Free Wi-fi in Manchester Cabs


December 26, 2013

Multinational Corporation, Microsoft, recently introduced a free Wi-Fi service in 25 black cabs in Manchester.

The company claims the service will be received well by taxi drivers. In reality; it seems the taxi trade may take some convincing.

Views from Microsoft

Microsoft jumped at the chance to drive their in-taxi Wi-Fi campaign into a thriving, business city after a recent survey revealed passengers would like to see Wi-Fi and charging facilities installed in cabs.

Microsoft Chief Marketing Officer, Philippa Snare, said: “Manchester is an important centre of business, so choosing to expand our in-taxi Wi-Fi campaign to the city was a natural choice.”

Sarah Priseman, director of taxi advertising specialists, Ubiquitous, also commented: “This is the first time Manchester cabs have had Wi-Fi. The idea is that we don’t take it in and out – once chosen they have it forever.”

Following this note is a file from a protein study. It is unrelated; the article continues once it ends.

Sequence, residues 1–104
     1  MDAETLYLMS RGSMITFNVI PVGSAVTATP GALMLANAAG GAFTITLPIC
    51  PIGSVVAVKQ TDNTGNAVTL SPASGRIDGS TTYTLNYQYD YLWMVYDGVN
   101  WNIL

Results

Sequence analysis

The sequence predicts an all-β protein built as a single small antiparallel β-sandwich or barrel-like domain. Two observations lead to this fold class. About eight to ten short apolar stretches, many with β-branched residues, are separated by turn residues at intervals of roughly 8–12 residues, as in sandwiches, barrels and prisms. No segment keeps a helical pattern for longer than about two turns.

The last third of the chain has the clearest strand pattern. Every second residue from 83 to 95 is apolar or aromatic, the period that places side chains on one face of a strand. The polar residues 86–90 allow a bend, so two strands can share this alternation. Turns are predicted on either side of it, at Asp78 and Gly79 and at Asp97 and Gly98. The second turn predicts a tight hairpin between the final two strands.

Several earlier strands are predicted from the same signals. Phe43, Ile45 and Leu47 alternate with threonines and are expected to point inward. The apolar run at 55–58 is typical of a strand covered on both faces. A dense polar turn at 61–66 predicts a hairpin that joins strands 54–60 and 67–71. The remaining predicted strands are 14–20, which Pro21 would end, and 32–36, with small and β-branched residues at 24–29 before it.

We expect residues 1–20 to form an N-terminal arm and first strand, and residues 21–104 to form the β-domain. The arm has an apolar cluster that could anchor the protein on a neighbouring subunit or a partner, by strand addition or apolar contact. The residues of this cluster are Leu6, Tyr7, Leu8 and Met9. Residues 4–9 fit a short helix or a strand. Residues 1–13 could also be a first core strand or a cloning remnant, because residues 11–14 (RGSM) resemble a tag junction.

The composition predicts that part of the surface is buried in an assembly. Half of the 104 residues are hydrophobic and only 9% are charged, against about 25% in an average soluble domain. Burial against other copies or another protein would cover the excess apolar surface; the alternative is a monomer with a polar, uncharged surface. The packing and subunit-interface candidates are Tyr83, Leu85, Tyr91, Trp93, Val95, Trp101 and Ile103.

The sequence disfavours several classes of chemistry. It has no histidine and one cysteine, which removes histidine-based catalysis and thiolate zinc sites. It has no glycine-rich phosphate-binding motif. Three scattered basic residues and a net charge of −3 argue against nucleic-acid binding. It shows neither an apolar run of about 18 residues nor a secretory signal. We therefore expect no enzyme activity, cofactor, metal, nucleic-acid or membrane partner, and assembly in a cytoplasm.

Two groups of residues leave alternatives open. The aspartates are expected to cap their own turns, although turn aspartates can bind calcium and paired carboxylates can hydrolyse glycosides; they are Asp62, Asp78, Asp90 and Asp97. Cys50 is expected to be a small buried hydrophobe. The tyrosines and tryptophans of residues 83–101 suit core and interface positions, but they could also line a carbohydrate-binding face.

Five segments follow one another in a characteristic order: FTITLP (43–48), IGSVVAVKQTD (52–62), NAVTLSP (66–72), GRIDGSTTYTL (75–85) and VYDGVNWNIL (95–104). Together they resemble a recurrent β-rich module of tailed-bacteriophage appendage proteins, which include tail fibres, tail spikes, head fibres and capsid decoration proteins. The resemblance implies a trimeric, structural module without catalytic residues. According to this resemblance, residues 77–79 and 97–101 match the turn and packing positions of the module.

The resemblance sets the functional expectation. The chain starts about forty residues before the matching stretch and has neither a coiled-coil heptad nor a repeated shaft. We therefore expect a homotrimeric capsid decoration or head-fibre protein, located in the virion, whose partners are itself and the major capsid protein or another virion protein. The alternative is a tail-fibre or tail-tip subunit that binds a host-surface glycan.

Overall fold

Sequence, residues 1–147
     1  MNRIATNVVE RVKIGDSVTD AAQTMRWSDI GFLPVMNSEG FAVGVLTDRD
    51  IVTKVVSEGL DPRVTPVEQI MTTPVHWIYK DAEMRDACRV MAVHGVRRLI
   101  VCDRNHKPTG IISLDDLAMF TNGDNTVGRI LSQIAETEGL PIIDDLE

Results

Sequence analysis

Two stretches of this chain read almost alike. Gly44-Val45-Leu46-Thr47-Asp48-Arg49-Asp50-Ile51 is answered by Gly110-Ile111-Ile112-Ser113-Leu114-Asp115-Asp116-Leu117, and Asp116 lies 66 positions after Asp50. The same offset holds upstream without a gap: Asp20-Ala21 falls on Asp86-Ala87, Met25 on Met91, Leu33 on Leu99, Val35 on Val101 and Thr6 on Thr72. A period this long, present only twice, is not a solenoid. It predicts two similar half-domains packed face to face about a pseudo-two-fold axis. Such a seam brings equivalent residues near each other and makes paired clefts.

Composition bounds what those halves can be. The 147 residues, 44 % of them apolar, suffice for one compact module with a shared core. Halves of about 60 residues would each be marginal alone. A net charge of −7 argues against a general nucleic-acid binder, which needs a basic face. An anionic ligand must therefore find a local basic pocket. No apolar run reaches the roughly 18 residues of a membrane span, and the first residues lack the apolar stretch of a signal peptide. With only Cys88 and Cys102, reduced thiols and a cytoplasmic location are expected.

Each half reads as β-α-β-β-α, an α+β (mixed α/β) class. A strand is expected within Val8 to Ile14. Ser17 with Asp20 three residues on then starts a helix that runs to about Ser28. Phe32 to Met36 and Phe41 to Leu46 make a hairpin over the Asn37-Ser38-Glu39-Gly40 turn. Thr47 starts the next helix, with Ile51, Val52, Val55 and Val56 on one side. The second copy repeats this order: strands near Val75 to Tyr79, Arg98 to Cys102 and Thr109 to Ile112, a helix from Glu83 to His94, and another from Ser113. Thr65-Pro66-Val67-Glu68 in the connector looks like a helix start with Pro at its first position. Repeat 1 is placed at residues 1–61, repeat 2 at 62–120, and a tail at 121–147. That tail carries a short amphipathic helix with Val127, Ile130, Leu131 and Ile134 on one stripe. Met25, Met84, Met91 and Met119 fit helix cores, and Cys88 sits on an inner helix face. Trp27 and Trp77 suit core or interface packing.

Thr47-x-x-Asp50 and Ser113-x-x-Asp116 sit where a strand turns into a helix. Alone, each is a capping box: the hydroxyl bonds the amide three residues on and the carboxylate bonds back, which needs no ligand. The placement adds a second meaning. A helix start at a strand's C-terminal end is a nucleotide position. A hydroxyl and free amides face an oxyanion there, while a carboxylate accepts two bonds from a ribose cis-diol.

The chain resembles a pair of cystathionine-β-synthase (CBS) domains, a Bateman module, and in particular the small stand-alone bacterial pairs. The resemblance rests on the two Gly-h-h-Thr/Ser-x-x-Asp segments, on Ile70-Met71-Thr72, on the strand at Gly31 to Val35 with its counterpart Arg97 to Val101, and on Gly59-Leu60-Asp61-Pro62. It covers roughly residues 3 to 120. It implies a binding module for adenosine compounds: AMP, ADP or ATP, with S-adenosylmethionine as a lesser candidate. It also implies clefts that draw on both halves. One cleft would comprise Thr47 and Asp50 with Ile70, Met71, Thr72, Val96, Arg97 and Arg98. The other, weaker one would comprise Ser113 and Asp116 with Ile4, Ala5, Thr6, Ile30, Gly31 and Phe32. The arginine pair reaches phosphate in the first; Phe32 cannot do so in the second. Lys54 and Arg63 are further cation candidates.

The most recent advancement to the city’s cabs follows the City Council’s own updates as they approved a wider choice of black cabs for sale in the competitive taxi market including the market-leading Peugeot E7.

Word on the Street

Simon Guilliatt, Development Manager of Cab Direct, took to the streets of Manchester to find out what the city’s taxi drivers really thought of the campaign.

Taxi business owner, Iain Reid, told Cab Direct: “The general consensus is that this Wi-Fi campaign is a complete waste of time.  Microsoft has advertised a free, no hassle and no password Wi-Fi system that will work well in cabs due to the short journeys.

“What they don’t tell you is that you have to watch at least 5 minutes of adverts before you can use the Wi-Fi.”

On average, each customer is in a cab for less than 15 minutes so passengers choosing a “Wi-Fi Cab” are complaining that by the time they manage to get through the stream of ads they’re at the end of their journey.

Iain also said: “Microsoft promotes an all-singing, all-dancing, free Wi-Fi system in return for some advertising space on our cabs. But, in reality, it won’t work for the taxi business and only results in us dealing with complaints from our customers.”

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